It’s not often that classical physics and Post-Impressionist painters collide, but when they do the results can be enchanting and intriguing. In one of the latest TEDEd videos, Natalya St Clair has created a short lesson that looks at “The unexpected math behind Van Gogh’s Starry Night.” The video above looks at the enduring mystery that is the turbulence we see in any kind of flows in the natural world and how the human brain can recognize and actually make some kind of sense of the chaotic random patterns turbulence describes.
As pointed out in the video, famous physicists such as Richard Feynman and Werner Heisenberg have noted the complexity of turbulence, with Feynman describing it as “the most important unsolved problem of classical physics” and Heisenberg saying that “when I meet God, I am going to ask him two questions: why relativity? And why turbulence? I really believe he will have an answer for the first”. But is it possible that the undoubted genius and troubled painter that was Van Gogh perceived something more about turbulence in nature and is this most clearly represented in his most famous masterpiece – the evocative painting known as Starry Night? Watch the video to find out.
Some physicists can get a bit grumpy if talk turns to the supposedly dirty business of commercialization. They go into physics out of curiosity alone and have an innate dislike of ever having to justify their resarch in terms of potential spin-off benefits. But they can be thankful for the overall health and vitality of physics that some brave souls do risk their money and careers by setting up businesses to commercialize their findings.
The November 2014 issue of Physics World magazine gives a taste of some of the challenges in commercializing physics, as I describe with my colleague Margaret Harris in the video above. We kick off with one common problem for hi-tech start-ups, which is how to bridge the “valley of death” – in other words, what to do when your research funding has dried up but you’re not yet making any money from your product. Jesko von Windheim then examines why physics-based firms have a harder job than ordinary businesses, where succeeding is simply about finding a market and meeting its need, before we look back at some promising technologies tackled in Physics World’s Innovation column to see how they’ve fared. There are also some real-life lessons from Floor van de Pavert — a physicist who’s been at the business coal face — and we see how crowdfunding websites can help researchers get their ideas off the ground.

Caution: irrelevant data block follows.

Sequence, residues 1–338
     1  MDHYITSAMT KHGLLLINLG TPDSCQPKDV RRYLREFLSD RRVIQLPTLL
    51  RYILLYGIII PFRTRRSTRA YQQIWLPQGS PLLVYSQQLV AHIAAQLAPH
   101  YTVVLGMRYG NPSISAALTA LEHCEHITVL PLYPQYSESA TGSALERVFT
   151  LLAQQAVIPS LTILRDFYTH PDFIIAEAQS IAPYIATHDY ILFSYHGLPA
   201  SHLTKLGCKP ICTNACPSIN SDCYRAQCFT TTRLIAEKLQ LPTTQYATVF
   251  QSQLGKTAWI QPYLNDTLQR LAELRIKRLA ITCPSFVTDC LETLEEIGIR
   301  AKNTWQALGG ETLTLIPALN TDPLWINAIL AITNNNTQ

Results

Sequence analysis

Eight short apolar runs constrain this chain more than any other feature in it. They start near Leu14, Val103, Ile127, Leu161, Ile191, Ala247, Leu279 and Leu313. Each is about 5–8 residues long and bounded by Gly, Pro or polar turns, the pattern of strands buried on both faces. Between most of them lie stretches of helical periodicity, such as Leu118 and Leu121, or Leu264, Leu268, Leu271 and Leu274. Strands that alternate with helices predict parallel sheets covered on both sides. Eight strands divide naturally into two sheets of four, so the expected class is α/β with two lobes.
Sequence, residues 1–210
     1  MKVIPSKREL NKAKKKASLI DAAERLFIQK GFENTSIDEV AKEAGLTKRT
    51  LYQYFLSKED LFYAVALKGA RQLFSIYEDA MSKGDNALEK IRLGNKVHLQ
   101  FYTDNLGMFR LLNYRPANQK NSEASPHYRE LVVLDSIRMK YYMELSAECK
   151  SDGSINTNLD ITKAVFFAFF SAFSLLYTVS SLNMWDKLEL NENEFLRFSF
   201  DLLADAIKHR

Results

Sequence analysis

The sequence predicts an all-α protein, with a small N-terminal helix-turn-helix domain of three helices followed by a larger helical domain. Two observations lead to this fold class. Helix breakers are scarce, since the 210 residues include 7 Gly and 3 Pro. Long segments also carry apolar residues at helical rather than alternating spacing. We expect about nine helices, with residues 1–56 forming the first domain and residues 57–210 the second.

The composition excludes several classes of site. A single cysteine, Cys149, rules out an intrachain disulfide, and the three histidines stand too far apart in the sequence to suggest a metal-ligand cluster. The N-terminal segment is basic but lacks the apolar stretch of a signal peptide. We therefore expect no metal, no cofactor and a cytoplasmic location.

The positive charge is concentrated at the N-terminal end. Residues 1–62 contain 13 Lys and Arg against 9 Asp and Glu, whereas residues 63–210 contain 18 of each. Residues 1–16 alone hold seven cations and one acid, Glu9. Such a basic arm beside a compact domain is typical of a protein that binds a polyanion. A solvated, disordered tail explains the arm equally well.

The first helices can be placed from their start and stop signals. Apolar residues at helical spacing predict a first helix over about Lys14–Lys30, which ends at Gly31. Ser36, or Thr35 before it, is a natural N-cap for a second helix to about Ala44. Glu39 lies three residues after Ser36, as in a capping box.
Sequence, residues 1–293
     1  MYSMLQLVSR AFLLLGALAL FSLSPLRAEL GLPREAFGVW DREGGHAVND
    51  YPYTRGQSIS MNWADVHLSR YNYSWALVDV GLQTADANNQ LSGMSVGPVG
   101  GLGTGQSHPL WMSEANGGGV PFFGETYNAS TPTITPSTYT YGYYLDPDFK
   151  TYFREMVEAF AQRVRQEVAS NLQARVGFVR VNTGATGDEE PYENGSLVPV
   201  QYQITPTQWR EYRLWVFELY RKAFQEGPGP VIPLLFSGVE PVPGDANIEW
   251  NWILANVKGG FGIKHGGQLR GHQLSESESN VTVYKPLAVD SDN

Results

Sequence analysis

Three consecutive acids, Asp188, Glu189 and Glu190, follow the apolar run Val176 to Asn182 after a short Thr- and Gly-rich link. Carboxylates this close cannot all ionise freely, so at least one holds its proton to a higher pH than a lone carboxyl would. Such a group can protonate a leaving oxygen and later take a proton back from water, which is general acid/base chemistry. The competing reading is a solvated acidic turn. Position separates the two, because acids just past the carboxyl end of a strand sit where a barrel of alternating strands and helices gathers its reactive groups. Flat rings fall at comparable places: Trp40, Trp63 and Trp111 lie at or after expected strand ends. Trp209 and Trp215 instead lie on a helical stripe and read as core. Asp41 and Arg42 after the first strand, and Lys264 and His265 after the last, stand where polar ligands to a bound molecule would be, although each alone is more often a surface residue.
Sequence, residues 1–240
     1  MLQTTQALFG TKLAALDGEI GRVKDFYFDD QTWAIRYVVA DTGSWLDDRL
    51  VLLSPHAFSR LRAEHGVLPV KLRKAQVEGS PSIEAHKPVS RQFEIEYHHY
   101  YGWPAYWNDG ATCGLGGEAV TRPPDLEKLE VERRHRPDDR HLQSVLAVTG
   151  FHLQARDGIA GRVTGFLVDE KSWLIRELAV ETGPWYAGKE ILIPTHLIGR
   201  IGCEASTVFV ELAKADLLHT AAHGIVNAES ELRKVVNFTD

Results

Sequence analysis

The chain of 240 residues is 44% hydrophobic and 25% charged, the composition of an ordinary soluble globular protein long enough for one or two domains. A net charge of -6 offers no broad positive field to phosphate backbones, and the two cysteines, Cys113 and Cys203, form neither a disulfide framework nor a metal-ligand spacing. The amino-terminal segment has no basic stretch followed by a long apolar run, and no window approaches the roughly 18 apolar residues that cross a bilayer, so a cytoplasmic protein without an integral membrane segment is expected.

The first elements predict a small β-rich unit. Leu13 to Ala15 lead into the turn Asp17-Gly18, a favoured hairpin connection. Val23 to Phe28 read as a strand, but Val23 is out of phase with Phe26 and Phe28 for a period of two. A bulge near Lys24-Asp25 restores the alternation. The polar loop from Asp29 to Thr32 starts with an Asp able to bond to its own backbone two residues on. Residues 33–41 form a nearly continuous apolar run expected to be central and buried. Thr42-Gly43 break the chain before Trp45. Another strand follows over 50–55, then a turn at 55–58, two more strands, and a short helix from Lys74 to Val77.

Divide and conquer: the Brown bubble experiment. (Courtesy: Mike Cohea/Brown University)
By Hamish Johnston
Every once in a while we come across a physics story that seems very interesting – but we just don’t know what to make of it. The latest comes in the form of a press release from Brown University in the US and concerns “electron bubbles” in liquid helium.
These bubbles are about 4 nm in diameter and are formed when a free electron moves through liquid helium and repels surrounding atoms. Physicists have been studying these bubbles for decades and in the 1960s they discovered something very strange when firing electrons across a tank of liquid helium and measuring the time it takes the bubbles to reach a detector on the other side.
Bygone era: when 3D visualization really was 3D. (Courtesy: CERN)
By Hamish Johnston
“The past is a foreign country: they do things differently there,” is probably the only famous sentence written by the English novelist L P Hartley. It also sums up nicely a collection of photographs of CERN in the 1960s and early 1970s showing among other things a jolly worker wearing a beret, scientists wearing white lab coats and ties, and a strange religious-like procession. There are also lots of photos of vintage kit, including one of those huge vacuum-valve-powered oscilloscopes (probably from Tektronix) that would be familiar to physicists of a certain age. My favourite photo is shown above. It was taken in 1965, when 3D data visualization was actually done in 3D! I believe that the collection was put together by CERN’s Alex Brown and you can enjoy looking at all 55 images in the collection here.
This year has been a special one for the CERN particle-physics lab near Geneva as it turns 60 years old. It was back in 1954 when the CERN convention was ratified by its first 12 member states and the European Organization for Nuclear Research was officially established.